Friday, Apr. 14, 2006
FindLaw guest columnist, defense attorney, and television legal commentator Jonna Spilbor discusses the allegations of a rape by three Duke lacrosse players, in the light of the revelation that DNA evidence fails to link any of the players to the alleged victim. Spilbor argues that in light of this revelation, which strongly argues for the suspects' innocence, the prosecutor ought to drop the case: While it is certainly true that rape cases may be prosecuted without DNA evidence, she notes, there are a number of aspects of this case that differentiate it from the kind of case where prosecution without DNA can be successful.
Friday, Apr. 14, 2006
FindLaw columnist and U.C. Hastings law professor Vikram Amar continues his series on the legal challenge to the Deficit Reduction Act of 2005 -- which reportedly failed to pass both houses of Congress, yet was signed by the President and is being treated as law nonetheless. Given what is apparently a blatant violation of the Constitution's bicameralism requirement, can a federal court direct a remedy? As Amar explains, that depends on whether the case raises a nonjusticiable "political question" -- and that, in turn, depends on two Supreme Court precedents that are in sharp tension with each other.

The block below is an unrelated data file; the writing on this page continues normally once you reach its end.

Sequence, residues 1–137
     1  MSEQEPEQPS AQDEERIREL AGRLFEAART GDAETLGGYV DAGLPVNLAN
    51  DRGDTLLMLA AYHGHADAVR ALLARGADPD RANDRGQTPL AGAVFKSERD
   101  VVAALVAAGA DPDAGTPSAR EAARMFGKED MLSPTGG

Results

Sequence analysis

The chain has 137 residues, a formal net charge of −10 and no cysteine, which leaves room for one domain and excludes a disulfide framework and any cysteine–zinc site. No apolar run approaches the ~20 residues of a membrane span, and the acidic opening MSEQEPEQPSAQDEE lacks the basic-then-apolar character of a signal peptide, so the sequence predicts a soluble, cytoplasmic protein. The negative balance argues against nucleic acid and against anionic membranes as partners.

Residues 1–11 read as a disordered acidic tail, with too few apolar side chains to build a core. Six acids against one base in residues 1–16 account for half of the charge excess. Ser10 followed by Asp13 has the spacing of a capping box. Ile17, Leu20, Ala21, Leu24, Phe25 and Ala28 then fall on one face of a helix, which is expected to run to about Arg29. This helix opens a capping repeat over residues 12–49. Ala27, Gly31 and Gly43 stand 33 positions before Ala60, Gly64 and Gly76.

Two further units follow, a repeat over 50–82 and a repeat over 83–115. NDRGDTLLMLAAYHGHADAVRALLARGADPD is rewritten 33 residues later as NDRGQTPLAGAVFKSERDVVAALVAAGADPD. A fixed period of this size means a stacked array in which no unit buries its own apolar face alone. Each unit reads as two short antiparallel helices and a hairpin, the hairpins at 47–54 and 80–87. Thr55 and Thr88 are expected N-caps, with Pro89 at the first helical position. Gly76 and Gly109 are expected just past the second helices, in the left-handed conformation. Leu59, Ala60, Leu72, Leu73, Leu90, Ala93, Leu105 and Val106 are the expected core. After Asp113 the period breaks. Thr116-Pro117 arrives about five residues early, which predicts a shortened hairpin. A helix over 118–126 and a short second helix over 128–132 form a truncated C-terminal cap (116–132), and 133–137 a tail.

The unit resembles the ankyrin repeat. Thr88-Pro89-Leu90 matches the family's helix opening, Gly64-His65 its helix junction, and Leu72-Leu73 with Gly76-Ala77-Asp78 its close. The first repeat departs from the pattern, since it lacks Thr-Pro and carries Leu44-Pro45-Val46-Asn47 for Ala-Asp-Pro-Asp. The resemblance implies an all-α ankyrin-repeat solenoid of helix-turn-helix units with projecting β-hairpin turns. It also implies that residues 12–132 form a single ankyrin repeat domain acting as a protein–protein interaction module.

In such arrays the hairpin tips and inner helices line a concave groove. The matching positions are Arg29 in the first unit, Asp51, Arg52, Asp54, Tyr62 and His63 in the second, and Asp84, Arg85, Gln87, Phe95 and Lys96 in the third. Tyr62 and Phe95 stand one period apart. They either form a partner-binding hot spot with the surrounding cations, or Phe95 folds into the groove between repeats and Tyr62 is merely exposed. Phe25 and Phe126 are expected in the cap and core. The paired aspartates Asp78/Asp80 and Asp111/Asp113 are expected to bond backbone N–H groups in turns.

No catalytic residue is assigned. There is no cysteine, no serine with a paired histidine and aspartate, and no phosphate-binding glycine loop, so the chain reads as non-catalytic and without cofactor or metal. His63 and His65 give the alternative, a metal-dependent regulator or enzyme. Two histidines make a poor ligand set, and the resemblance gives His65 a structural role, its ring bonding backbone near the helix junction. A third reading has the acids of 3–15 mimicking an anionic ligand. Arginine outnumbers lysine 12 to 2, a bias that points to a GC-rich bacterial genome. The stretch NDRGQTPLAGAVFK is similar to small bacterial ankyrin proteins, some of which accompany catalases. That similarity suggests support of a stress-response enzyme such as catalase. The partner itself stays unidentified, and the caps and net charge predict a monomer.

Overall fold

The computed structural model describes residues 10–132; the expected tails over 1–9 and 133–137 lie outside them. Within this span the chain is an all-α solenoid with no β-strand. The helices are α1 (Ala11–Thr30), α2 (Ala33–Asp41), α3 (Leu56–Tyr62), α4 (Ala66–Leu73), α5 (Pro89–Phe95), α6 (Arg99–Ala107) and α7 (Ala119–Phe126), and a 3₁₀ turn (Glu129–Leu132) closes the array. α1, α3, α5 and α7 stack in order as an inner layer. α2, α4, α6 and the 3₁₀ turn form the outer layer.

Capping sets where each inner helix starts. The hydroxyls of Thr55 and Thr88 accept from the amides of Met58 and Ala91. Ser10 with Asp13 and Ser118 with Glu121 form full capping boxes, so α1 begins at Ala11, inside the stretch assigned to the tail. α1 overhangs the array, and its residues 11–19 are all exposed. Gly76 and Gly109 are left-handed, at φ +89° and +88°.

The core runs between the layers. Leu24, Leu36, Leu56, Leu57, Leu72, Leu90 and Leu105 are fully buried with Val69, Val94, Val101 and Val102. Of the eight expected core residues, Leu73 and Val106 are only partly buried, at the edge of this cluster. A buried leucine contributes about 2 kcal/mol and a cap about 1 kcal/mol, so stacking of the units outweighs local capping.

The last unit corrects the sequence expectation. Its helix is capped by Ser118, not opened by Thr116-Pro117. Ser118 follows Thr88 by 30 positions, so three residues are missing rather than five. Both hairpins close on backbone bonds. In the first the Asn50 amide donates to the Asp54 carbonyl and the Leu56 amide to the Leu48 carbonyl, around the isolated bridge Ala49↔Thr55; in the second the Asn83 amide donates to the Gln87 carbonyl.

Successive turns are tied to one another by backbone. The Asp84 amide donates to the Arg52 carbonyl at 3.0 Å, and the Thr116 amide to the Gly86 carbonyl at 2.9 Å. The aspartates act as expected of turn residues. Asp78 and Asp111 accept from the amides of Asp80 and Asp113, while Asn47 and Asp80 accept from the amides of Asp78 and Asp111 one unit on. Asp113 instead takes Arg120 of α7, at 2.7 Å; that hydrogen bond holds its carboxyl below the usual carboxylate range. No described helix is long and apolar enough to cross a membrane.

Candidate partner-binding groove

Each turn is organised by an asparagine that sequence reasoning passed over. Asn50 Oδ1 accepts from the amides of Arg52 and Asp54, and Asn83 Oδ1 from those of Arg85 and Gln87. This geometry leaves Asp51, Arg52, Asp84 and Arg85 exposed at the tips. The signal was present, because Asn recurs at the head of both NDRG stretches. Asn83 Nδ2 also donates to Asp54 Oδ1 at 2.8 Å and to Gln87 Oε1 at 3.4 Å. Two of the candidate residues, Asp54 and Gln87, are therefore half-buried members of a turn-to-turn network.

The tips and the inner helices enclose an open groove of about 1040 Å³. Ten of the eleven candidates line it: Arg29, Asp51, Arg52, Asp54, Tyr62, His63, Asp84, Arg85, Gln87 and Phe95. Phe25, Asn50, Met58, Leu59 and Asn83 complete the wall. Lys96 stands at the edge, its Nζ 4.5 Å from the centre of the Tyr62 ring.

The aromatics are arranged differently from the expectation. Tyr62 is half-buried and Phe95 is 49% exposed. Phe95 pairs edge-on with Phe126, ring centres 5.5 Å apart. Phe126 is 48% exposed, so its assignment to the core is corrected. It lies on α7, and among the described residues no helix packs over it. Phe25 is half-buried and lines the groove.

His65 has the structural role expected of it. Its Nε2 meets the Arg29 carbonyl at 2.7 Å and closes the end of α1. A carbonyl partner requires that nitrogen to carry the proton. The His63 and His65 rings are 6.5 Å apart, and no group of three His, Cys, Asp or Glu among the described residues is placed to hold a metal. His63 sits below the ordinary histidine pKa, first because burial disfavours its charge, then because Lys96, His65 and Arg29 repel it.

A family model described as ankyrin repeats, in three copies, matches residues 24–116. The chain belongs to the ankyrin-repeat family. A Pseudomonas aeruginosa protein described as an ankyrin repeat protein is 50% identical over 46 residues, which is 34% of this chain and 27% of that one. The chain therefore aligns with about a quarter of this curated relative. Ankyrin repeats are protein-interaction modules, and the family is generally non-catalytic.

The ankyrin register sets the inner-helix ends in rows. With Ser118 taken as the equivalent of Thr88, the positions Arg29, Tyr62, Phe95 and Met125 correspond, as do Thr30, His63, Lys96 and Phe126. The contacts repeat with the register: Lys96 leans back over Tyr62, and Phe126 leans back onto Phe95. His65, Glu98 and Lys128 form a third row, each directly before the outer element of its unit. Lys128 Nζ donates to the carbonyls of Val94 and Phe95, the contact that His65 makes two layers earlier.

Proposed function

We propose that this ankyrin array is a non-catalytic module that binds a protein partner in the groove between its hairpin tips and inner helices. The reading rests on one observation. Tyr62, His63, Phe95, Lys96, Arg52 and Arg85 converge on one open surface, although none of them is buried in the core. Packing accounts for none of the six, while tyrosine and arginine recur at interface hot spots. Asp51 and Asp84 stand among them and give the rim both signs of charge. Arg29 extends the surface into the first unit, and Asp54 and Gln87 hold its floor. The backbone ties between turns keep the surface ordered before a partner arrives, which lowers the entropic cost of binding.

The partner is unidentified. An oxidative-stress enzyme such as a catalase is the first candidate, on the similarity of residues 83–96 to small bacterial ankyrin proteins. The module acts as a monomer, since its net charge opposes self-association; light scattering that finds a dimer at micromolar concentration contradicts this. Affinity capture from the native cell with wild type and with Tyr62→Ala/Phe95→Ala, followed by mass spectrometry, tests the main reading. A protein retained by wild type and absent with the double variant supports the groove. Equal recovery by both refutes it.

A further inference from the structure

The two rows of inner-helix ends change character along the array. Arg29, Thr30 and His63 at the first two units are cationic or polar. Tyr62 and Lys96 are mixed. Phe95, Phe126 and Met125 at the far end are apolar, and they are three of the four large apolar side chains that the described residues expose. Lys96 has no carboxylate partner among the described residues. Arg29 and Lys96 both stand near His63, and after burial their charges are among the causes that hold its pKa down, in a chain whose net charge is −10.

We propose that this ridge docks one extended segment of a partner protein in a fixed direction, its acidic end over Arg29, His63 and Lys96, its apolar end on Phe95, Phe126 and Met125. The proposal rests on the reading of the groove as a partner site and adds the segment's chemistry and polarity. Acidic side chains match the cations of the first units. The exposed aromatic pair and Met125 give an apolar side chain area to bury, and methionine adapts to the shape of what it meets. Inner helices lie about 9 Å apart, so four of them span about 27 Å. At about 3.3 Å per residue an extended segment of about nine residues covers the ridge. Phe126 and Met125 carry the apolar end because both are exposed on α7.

Thursday, Apr. 13, 2006